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‘Armenians’ Has Universal, Specific Themes

Lisa Kirazian is a Los Angeles playwright and screenwriter. She served as research assistant and contributed a Playbill article for the Taper's production of "Nine Armenians."

I know my name ends in “ian.” But please don’t discount me as another overly proud Armenian who was annoyed at Laurie Winer’s “Nine Armenians” review (“ ‘Armenians’ Is Generic Despite Trappings,” Calendar, July 25).

I am a full-time playwright and screenwriter, as well as an Armenian. I understand the challenges of writing a good play that is also culturally relevant. So I was able to approach “Nine Armenians” as both a dramatic and a cultural work. I believe it succeeds on both counts.

Dramatically, the play flows with a linguistic, aural and scenic rhythm that brings the theater alive. It unwinds with the grace of an old storyteller, gathering people around to entertain. While the through-line of the play curves here and there like a good yarn, instead of screaming forward like a bullet, it is all-encompassing in detailing the modern-day challenges of a family and the secrets of that family’s history.

Sometimes, yes, the facts about the Armenian Genocide of 1915 are explicitly pronounced. But that is no more “preachy,” than, say, Anna Deavere Smith’s inclusion of Hasidic Jewish and African American cultural factoids and details surrounding the Crown Heights incident in “Fires in the Mirror.” The audience--especially the non-Armenian audience--needs a context to be able to tap into the play and its historic pulse.

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Sure the play could use work. Maybe it is a little sugary. Also, having been to Armenia, I would have liked to see daughter Ani’s episode in Armenia fleshed out a little more--to see her interacting with more people, rather than recounting her activities in letters.

But that does not mean that what is presented about Armenia is vague: We learn, without didacticism, that children in orphanages draw black suns out of fear; there are three hours of electricity a day; people are struggling to make ends meet; the ghost of the Armenian Genocide is eerily present in the current war and blockades; people still go to church and sing and dance; and that Mt. Ararat, though in modern-day Turkey, is still an inspiration to Armenians.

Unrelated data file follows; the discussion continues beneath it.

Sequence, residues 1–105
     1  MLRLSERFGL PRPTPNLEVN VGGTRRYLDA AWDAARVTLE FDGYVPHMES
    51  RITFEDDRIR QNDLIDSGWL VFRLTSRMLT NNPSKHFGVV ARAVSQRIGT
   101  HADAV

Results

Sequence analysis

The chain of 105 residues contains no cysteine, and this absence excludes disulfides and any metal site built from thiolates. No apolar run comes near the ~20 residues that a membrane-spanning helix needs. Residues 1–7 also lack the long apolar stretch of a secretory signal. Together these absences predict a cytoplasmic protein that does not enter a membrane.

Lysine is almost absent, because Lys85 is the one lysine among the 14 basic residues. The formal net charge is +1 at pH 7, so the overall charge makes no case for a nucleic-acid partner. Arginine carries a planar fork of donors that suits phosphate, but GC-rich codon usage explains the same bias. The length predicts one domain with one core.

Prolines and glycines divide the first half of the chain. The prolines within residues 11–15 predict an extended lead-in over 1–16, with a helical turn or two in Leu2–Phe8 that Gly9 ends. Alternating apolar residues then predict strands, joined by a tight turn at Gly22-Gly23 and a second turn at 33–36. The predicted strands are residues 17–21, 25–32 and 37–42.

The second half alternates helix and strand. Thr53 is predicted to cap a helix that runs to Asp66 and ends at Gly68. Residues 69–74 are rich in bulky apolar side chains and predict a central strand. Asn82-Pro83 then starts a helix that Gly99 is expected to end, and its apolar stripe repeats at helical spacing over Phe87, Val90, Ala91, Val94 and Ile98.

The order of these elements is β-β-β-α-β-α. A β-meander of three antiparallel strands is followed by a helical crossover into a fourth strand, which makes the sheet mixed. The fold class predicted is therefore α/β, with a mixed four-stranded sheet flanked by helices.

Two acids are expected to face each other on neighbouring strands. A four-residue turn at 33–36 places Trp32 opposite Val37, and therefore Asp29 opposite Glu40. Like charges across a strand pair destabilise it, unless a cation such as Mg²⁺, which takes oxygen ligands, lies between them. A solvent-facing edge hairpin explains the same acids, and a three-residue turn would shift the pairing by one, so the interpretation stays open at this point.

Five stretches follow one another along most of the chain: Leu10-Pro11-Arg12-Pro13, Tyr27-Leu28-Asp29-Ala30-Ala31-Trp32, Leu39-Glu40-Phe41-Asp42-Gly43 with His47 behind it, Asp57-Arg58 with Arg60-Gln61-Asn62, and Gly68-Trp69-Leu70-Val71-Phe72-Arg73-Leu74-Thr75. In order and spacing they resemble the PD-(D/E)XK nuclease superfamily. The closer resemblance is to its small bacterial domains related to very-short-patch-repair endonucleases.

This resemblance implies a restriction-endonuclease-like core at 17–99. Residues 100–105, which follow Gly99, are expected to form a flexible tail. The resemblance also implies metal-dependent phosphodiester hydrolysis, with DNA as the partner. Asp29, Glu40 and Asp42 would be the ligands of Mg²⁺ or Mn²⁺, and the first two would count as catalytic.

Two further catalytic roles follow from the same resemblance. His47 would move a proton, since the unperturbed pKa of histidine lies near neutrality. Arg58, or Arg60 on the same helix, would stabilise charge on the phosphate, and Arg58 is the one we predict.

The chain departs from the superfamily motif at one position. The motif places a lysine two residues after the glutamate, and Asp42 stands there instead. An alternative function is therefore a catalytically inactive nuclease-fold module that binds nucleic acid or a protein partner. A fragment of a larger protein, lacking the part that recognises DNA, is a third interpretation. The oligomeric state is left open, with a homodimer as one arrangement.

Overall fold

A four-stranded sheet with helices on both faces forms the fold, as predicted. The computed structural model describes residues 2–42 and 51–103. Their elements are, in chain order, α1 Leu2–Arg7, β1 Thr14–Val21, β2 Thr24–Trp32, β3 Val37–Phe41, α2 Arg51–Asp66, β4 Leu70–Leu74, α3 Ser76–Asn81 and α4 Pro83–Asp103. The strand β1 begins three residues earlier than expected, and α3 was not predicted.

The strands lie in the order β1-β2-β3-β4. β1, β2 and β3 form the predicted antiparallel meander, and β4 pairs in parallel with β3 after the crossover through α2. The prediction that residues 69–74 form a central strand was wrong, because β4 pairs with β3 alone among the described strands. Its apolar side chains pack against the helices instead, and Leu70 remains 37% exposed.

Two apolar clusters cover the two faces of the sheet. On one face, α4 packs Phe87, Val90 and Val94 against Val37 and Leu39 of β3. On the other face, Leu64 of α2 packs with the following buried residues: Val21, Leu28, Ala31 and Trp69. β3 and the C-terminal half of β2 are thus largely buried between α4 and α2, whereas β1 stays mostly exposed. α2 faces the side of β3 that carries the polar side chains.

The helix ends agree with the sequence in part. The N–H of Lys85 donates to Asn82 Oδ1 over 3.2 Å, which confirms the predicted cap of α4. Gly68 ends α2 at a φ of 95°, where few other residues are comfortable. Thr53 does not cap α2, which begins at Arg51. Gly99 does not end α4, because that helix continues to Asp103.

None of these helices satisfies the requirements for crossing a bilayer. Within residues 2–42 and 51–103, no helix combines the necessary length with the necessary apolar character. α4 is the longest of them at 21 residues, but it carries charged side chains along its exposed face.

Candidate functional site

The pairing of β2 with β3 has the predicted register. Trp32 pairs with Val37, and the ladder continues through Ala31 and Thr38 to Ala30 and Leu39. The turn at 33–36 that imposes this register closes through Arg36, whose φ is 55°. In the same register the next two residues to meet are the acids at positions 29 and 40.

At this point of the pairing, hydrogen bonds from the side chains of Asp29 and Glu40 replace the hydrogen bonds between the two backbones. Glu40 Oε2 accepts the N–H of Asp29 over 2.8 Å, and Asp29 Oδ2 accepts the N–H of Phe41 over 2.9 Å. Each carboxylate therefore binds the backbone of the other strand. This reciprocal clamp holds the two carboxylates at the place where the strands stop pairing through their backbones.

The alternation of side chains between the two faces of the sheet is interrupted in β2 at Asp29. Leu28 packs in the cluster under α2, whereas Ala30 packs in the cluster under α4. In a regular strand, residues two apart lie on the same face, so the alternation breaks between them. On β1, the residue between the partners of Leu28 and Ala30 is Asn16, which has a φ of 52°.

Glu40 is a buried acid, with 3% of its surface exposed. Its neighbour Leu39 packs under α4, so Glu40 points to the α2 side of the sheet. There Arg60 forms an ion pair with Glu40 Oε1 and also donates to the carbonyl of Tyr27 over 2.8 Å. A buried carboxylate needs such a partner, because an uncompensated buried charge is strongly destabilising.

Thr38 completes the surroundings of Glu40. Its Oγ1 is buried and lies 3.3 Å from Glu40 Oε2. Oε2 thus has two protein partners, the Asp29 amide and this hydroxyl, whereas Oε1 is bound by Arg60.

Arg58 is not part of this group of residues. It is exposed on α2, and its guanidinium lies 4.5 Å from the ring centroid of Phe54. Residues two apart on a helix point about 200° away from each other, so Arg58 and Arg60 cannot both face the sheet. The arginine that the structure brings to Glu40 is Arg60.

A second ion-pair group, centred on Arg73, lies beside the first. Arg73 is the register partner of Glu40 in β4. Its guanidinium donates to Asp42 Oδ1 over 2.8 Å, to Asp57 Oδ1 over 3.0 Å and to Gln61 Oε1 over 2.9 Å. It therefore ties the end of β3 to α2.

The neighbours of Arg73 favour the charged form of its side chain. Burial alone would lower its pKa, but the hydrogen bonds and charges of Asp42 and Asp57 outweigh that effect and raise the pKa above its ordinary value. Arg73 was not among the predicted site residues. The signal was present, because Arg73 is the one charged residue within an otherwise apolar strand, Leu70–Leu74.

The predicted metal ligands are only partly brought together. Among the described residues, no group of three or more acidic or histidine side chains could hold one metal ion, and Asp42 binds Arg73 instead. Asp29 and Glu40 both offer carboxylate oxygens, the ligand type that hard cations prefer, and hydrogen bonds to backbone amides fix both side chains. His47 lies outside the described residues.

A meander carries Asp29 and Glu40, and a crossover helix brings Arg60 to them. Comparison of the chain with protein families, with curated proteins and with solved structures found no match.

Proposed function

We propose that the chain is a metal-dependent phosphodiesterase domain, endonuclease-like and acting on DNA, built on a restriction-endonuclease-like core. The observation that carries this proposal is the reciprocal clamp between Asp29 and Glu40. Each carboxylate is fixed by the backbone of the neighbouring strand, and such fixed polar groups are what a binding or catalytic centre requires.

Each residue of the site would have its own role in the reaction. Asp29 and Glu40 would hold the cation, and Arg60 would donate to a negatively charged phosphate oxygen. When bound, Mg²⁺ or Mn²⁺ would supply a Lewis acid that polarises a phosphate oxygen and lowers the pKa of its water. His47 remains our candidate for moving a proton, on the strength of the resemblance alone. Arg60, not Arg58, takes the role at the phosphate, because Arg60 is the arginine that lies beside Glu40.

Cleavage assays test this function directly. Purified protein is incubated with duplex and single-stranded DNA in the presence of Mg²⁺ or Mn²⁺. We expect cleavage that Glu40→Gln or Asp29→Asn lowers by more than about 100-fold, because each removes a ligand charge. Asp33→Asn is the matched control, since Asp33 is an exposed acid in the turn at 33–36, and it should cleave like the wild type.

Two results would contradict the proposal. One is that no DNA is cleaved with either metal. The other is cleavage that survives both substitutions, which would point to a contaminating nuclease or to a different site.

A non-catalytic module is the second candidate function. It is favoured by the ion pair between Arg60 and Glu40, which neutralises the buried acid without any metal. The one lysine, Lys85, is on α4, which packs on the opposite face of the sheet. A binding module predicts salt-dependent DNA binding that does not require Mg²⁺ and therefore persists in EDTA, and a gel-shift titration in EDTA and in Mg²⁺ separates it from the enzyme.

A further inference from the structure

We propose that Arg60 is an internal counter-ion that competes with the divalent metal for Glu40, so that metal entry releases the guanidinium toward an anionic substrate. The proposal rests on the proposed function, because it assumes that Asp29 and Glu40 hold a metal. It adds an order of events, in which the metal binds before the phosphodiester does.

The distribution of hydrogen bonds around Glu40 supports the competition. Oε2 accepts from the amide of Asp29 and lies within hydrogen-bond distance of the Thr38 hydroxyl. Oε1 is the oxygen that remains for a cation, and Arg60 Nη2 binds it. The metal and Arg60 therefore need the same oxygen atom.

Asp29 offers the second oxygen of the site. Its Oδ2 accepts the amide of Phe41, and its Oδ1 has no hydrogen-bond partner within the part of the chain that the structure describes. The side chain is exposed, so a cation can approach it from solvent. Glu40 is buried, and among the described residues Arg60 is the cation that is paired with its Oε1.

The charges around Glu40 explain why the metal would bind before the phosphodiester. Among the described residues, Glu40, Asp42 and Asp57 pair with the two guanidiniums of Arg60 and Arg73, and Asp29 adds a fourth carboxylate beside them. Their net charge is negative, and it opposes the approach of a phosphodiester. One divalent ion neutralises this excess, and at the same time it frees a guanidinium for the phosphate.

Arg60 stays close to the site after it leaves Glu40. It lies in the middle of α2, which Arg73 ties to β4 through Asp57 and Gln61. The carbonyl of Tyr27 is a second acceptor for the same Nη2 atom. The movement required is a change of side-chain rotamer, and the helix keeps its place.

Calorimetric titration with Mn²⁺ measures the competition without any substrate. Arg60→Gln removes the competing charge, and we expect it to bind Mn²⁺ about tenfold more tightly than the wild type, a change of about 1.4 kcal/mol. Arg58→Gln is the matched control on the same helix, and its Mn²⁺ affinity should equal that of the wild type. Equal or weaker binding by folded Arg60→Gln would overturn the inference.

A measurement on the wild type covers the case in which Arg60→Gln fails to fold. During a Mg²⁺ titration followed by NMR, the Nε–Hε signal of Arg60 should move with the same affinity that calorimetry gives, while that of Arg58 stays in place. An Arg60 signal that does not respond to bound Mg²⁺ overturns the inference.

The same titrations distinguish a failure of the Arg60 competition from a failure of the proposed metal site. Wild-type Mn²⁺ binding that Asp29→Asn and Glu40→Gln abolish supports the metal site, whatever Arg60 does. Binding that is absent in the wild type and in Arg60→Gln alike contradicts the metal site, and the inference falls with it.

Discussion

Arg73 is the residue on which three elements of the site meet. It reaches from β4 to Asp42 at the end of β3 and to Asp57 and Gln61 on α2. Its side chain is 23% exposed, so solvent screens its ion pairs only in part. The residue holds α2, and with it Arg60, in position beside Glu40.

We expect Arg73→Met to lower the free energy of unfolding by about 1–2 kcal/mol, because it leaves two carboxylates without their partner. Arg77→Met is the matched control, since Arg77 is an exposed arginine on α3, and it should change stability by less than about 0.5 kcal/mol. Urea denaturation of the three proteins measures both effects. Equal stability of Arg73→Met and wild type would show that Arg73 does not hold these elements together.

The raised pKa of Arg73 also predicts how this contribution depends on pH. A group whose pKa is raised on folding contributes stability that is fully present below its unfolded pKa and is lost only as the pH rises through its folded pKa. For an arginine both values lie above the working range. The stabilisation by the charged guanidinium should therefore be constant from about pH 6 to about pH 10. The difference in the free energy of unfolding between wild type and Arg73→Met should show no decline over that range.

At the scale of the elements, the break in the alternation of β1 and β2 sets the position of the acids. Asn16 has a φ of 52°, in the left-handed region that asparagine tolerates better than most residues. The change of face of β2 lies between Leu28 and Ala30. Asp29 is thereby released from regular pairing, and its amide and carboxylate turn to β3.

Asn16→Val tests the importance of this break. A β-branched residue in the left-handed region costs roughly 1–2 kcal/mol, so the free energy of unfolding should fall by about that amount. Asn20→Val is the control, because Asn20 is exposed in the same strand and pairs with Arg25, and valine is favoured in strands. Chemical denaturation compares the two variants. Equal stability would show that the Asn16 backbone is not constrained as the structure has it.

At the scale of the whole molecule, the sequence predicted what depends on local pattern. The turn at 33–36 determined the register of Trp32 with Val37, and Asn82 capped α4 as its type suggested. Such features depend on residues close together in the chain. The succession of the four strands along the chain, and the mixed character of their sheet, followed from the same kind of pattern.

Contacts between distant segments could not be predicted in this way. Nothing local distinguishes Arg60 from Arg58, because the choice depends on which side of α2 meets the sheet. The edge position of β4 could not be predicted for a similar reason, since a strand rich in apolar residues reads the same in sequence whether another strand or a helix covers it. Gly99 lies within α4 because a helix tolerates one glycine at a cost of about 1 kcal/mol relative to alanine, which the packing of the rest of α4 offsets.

Furthermore, what Winer sees as undeveloped characters are in fact subtle ensemble characters who do not always allow themselves to acknowledge certain issues. As in life, it is difficult to let the true feelings, the secrets, the anger come out. That intentional “silence” or mysteriousness in certain scenes shouldn’t be misinterpreted as “vagueness” of character.

I have been closely in touch with the Armenian community to gauge their response to the play. They have their criticisms here and there--mostly about facts, Armenian word usage and smaller issues. But none of these people--most of whom lived through the specific struggles of genocide, discrimination and emigration--have considered the play “generic.”

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The fact is that the play’s family and issues are universal. They apply to any family with a strong culture needing to reconcile with their past. I’ve seen the play several times now, mostly with non-Armenians. And they all felt that they were seeing, to some extent, their own families portrayed.

As a cultural experience, “Nine Armenians” is a landmark piece of theater, the first modern play about Armenians to get a mainstream audience in America.

Perhaps if Armenian American theater were encouraged a little more, as other cultural theater is, more plays could possibly emerge that are even stronger in illuminating the Armenian American experience to modern audiences.

“Nine Armenians,” however, is a tough act to follow. The audience, from all backgrounds, seems to be embracing it. And after one performance I heard a subscriber, who was clearly not Armenian, say that “Nine Armenians” was “one of the best plays I’ve seen at the Taper.”

That is what counts.


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